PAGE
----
After a lot of inspiring discussions with my colleagues, we iterated towards the idea of having a compile time function, which takes a simplified format string, and a list of the types of the parameters the user provided. The syntax of the simplified format string was inspired by Python style printing. In Python, you can do the following:

python shell >>> "some {} with some var {}".format("string", 123)
'some string with some var 123'

Being inspired from that, I hoped to be able to come up with something like…

printf(metaprog_result("some {} with some var {}",
typelist<const char *, int>),
"string", 123);

…which collapses to the following during compile time:

printf("some %s with some var %d", "string", 123);

With this design, it is also possible to use the meta-program as a frontend for not only printf, but also sprintf, fprintf, etc.

### First Step: Defining an autoformat Macro

The first problem is, that the parameters "string", 123 need to be both present in the printf function call as parameters, and at the same time, a type list <const char*, int> needs to be extracted out of them. The only way I was able to come up with was a preprocessor macro:

#define AUTOFORMAT(fmtstr, ...) \
({ \
using paramtypes = create_typelist_from_params(__VA_ARGS__)); \
return_preprocessed_format_str(fmtstr, paramtypes); \
})

#define pprintf(fmtstr, ...) \
printf(AUTOFORMAT(fmtstr, __VA_ARGS__), __VA_ARGS)

This way it is possible to extract a type list with all the parameter types, feed it into a metaprogram which preprocesses and transforms the simplified format string, and then puts a printf compatible result into printf. And that would then happen without adding any portion of additional runtime code.

Unfortunately, in C++ (even including C++17) there is currently no other way to do this without C preprocessor macros.

### Second Step: Obtaining the Type List

What we have: "some string", 123. What we want: const char*, int.

In the AUTOFORMAT macro, the parameters, separated by commas, are available via __VA_ARGS__. These can be put into a template function call, which deduces the types:

template <typename ... Ts>
make_t<Ts...> tie_types(Ts...);

This function does not even need to be defined because it is only used in a decltype environment. No runtime code will lever call it. Within the pprintf macro, it can now be used the following way:

using paramtypes = decltype(tie_types(__VA_ARGS__));

paramtypes is now a type list. make_t<const char*, int> evaluates to tl<const char*, tl<int, null_t>> (Read more about how this in particular works in the type list article).

### Third Step: Transforming the Simplified Format String

Having the simplified format string with {} braces, and the list of types the user provided as printf arguments, this can be fed to some algorithm which constructs a printf compatible format string.

The following statement will run the metaprogram function autoformat_t, which results in a struct with a static member function str(), which returns the printf compatible result string:

autoformat_t<strprov, paramtypes>::str();

What autoformat_t does, is basically:

1. Iterate through the simplified format string.
2. For every opening { brace, find the closing } brace.
3. For every pair of braces, take the right argument type from the type list.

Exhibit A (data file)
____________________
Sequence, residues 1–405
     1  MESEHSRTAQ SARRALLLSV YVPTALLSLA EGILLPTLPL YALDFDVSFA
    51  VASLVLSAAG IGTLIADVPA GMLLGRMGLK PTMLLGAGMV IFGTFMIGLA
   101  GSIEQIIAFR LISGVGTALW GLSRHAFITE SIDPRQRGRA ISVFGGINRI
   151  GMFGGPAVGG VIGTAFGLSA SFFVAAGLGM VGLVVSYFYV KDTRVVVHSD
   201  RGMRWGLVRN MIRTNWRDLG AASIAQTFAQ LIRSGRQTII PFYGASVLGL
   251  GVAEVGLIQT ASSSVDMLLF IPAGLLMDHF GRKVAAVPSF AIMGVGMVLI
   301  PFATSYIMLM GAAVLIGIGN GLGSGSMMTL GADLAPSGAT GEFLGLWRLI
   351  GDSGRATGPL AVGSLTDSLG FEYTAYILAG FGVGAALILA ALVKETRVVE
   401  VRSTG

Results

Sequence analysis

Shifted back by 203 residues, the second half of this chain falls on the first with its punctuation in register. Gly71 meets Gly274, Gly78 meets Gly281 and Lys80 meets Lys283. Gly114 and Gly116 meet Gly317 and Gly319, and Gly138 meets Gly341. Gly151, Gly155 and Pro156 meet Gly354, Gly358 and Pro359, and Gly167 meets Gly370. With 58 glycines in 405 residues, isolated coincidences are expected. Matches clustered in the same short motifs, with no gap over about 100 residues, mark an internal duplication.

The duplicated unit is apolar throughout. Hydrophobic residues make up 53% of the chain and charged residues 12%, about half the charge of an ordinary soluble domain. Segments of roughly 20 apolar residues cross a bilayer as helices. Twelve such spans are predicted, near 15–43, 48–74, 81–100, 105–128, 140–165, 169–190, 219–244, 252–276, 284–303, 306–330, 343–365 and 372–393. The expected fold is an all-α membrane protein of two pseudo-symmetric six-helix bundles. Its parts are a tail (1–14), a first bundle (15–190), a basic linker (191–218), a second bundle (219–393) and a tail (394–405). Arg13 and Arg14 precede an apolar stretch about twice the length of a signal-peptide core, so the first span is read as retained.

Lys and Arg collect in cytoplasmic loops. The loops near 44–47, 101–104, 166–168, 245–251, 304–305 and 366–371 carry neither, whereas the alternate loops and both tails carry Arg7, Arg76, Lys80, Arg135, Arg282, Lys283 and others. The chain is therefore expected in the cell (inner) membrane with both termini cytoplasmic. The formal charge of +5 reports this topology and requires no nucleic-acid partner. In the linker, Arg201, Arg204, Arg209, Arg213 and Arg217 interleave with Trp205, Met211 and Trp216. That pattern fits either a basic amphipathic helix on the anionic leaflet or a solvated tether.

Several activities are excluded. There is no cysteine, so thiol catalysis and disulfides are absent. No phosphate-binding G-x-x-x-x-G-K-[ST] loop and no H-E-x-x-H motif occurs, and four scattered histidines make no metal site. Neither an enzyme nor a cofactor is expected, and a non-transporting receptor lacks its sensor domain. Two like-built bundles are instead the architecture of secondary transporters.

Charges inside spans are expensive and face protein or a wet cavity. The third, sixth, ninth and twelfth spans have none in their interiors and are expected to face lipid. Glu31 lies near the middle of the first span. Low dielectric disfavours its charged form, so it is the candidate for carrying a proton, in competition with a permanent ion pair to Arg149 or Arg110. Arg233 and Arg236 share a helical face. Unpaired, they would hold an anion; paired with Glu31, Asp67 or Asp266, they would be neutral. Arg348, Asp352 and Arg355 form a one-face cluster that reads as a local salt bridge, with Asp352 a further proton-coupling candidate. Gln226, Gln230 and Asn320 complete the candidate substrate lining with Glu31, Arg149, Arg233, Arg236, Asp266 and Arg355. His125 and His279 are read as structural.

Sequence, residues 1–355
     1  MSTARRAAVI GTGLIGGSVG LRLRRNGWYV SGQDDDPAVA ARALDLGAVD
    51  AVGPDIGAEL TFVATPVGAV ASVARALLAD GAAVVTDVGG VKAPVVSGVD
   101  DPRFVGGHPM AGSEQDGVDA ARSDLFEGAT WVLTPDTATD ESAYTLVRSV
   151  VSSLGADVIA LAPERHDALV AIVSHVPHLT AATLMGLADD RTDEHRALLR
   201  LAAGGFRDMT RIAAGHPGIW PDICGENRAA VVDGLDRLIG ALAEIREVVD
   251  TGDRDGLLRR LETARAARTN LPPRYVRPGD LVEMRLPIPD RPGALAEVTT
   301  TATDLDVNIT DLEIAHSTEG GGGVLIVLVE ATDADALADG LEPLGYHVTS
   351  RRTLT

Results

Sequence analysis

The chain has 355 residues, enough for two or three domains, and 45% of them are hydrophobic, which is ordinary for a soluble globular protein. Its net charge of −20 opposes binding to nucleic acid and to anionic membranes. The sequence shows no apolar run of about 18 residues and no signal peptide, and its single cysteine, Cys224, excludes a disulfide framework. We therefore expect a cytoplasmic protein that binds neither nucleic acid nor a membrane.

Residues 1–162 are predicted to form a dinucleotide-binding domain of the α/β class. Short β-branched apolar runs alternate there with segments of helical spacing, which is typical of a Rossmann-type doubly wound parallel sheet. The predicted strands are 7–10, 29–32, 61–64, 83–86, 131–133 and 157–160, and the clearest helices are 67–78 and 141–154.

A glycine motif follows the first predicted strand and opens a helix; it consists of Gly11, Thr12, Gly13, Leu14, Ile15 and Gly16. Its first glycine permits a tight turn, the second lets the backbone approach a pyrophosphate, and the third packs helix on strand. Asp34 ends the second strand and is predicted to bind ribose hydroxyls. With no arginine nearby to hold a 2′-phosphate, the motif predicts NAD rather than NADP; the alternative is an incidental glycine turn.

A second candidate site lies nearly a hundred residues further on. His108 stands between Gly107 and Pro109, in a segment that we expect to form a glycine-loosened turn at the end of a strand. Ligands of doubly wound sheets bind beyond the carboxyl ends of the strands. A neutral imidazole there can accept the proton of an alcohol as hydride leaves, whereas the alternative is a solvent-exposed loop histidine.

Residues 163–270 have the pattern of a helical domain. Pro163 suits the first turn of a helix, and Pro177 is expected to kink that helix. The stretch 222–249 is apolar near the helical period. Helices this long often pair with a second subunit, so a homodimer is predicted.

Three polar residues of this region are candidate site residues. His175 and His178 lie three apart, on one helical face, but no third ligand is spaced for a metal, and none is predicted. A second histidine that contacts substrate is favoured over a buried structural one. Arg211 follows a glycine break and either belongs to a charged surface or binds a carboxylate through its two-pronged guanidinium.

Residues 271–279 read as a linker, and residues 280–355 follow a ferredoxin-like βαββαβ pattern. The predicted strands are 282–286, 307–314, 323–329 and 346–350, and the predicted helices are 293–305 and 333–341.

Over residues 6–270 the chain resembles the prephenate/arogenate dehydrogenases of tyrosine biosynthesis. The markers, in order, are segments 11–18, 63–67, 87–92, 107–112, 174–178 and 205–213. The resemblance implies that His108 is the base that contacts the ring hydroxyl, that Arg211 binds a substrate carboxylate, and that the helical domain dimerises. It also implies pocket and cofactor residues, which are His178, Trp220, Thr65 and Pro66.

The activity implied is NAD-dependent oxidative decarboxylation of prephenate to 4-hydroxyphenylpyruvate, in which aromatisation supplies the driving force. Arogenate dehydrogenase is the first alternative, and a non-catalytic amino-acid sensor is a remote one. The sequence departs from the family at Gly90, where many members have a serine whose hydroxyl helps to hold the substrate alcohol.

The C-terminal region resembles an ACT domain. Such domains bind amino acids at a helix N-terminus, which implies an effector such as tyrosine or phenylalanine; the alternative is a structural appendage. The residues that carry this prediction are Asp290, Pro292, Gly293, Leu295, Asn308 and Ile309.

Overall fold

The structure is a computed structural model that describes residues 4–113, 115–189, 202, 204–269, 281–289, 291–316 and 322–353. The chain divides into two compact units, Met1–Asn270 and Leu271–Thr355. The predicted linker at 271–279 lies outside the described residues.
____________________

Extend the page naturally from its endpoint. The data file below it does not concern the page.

4. Map from type to %foo format string (There is a lookup table of those), and substitute the braces by the format string piece.

The brace match search algorithm looks really similar to the function of the compile-time brainfuck interpreter, which searches for matching [] pairs.

### Detail Features

Just looking for {} braces and substituting them by format string pieces is not enough. There are different cases and use cases which must be handled:

#### Printing Strings

When a programmer writes pprintf("Buffer address: {}\n", some_char_buffer);, it is not wise to substitute the {} with %s. As the example already suggests, the parameter is of type char*, but it is not a null terminated string.

Different implementation strategies can be applied:

1. Let the user cast the parameter to void*, then autoformat_t will substitute the braces with %p to print the address of the buffer.
2. Let the user additionally type {s} between the braces, so autoformat_t knows that the user really wants to print it as a string.

I chose method 2. Printing a string now looks like this:

pprintf("Some string: {s}", "Hello World");

#### Formatting Integers as Hex Numbers

When a programmer writes pprintf("Some hex number: {}", 0x123);, there must be some possibility to express “I want this integer printed as hex number instead of a decimal number”.

I chose to let the user provide this information between the braces by writing {x}. This way any integer of any size will be printed correctly as %x, or %lx, or %llx.

Example: pprintf("{x}", 0x123); results in printf("%x", 0x123);

What if the user wants to print a double variable, but also needs to specify the precision?

In that case, autoformat_t will just take anything which is not an x or s (as used as a special specifier for string or hex number formatting) and put it between the % and the f or lf for doubles. This works for any type.

This strategy is applied to all types. This way it is possible to tamper with the indentation, precision, etc. whatever printf supports for which type.

Example: pprintf("{0.3}", 1.23); results in printf("%0.3lf", 1.23);

#### Printing Actual {} Braces

If the user wants to print actual {} braces, it must be possible to mask them somehow.

If autoformat_t runs over an opening brace but finds it masked with \, it will ignore it. The closing brace is ignored already because the closing brace search function is not called.